Dr. Susan Nelms is many things - gifted surgeon, philanthropist, mentor, community servant, and owner of a highly regarded Veterinary Ophthalmology practice for 25 years. She is known for her generous heart. Her clients adore her and know she gives the best care possible. She is great with pet owners, showing empathy and explaining things thoroughly. Dr. Nelms gives her time, talent and resources to help homeless animals, service animals, and therapy animals. She began helping homeless animals at the Greater Birmingham Humane Society in the early '90s and continues to offer free care to rescue animals in need. She provides free eye exams to service and therapy animals annually. Dr. Nelms serves as a consulting ophthalmologist for Southern Research Institute, the Birmingham Zoo, and the Alabama Wildlife Center. She led the way for animal ophthalmology care in Birmingham and readily shares her knowledge with others, serving as an extern mentor for veterinary students. She served on the board of directors of the Vision for Animals Foundation, an organization dedicated to improving the quality of life of animals by preserving and restoring vision through education and science. For 17 years, Dr. Nelms served on the Advisory Council of Hand in Paw, an Alabama Animal-Assisted Therapy provider, and in 2018, joined its board of directors. Dr. Susan Nelms is a bright light, a true hero to animals and people.

American Hero Veterinary Nurse finalists

Jessica Garcia (Rancho Cucamonga, CA)
I'm currently in school to gain my degree in veterinary technology and I've been working with Jessica for about a year. Jessica is everything I aspire to be as a veterinary nurse. She is confident and dependable. I've always admired that Jessica is the first to speak up when something seems wrong. She is always concerned with making sure we are practicing "good medicine." Her first thought is always for the safety of the pet and there have never been any issues with her keeping quiet when something needs to be said. I can't imagine how many pets have been saved because of her willingness to step forward. She is compassionate and giving. When we're busy and everything is going crazy, Jessica still takes the time to show a little love and care to our patients. She's quick to step up and help answer questions or show a new client where they can find the best information. She's the first one that I turn to when asking about rescues or safe havens for found pets and I know she's taken over a few pets of her own when the owners were ready to give up on them. Jessica is down to business, but she never forgets that our business is caring. She's an educator and a nurse. Jessica is always looking for opportunities for client education. She wants to make sure that our clients know the best way to take care of their beloved pets. She also helps to educate those of us around the clinic and has helped me to learn about nursing on multiple occasions!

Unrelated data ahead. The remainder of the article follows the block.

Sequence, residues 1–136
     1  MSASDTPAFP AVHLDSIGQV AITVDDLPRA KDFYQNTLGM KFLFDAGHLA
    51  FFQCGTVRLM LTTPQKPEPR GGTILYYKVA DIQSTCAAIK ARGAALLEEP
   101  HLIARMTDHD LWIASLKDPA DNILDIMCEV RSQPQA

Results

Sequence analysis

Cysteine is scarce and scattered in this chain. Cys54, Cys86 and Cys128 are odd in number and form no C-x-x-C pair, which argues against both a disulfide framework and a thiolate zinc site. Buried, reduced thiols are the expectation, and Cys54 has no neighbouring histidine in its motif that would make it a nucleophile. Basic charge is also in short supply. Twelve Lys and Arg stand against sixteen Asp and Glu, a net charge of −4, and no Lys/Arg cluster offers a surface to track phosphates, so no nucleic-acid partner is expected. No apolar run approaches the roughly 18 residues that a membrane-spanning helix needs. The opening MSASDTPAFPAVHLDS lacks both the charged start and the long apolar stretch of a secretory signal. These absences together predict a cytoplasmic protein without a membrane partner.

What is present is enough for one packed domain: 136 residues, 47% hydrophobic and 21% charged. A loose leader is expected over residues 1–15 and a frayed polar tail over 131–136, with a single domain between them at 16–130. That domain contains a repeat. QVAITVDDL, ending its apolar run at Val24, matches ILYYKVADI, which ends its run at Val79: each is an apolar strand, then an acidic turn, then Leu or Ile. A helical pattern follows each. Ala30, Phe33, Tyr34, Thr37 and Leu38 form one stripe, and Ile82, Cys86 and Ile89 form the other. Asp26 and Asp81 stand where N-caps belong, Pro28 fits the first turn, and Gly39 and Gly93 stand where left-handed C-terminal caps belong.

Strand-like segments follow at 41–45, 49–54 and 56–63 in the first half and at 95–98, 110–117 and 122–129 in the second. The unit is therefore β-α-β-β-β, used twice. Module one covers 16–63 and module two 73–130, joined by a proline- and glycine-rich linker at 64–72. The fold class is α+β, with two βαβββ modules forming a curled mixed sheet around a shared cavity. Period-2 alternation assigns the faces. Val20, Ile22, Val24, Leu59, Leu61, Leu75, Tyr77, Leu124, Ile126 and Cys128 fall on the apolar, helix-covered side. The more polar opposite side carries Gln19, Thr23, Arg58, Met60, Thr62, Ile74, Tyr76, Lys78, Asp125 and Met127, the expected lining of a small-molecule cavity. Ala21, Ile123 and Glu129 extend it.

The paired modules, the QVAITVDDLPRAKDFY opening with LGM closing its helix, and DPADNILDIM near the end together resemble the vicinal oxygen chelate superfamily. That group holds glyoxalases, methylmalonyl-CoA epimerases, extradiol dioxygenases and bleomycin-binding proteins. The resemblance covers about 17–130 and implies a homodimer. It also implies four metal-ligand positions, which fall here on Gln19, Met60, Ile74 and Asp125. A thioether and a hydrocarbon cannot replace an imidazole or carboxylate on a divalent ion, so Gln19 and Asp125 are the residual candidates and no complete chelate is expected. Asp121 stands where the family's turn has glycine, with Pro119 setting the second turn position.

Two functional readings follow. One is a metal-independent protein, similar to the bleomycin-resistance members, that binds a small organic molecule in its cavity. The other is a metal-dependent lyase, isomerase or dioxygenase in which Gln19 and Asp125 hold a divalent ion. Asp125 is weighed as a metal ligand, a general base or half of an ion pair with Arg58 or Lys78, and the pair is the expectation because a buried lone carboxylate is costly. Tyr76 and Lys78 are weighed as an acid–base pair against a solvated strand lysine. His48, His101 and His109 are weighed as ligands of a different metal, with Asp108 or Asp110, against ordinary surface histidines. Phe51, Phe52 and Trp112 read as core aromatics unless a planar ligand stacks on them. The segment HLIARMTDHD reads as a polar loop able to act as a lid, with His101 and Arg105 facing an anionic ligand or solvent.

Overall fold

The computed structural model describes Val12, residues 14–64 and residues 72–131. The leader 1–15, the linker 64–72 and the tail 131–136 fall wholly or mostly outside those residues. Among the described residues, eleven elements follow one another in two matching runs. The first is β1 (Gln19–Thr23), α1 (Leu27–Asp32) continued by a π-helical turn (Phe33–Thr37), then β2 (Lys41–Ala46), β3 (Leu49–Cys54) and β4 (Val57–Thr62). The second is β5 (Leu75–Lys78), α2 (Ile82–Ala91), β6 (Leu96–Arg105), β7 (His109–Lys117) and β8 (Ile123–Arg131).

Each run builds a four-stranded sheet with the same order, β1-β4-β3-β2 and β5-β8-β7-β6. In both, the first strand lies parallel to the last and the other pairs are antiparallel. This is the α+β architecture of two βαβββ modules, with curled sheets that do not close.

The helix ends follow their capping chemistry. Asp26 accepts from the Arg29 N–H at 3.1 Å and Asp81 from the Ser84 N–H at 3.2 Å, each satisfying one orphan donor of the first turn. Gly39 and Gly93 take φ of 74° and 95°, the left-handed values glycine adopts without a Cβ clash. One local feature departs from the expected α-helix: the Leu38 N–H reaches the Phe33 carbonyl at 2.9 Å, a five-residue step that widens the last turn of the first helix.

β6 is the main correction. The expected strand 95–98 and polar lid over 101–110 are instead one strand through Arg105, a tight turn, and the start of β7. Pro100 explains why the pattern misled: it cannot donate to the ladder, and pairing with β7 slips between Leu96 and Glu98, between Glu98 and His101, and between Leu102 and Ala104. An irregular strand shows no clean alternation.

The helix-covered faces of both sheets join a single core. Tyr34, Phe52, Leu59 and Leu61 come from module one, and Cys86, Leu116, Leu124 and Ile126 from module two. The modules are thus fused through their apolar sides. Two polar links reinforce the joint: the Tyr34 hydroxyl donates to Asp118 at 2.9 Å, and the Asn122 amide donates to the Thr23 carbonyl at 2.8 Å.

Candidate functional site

Lynette Krystene Karpen (West Allis, WI)
Lynette is the most hardworking, honest and fair person I know. She started at Spirit as a shadow while in school for becoming a CVT. She was hired after finishing school and has now become the head tech. She cares about her staff and is always fair, including putting herself on the same level as she puts her staff, training, helping when asked, keeping an eye on all around her, and jumping in without hesitation when she sees someone needing help. For CVT week she made every day a surprise for her staff, got reps involved with lunches and gifts, and even made scrub tops for each of them, tie-dying each one with the colors that suited them. She is respected by her staff and gives that respect back to them. We are a busy clinic and, truly, some days you just want to find a corner and hide...but if Lynette feels like that you wouldn't know it. I see her with clients and the animals, and she is caring as are all the staff. She and her mum have had a feline rescue - maybe why she decided to go into the field. She is truly deserving of being recognized for all that she does. I'm happy to be given the opportunity to let people know and hope she sees this. Thank you for considering Lynette. She's always "Top Tech" in my book. The staff works as a team and Lynette does a fantastic job as she leads by example and never asks her staff to do anything she wouldn't do herself.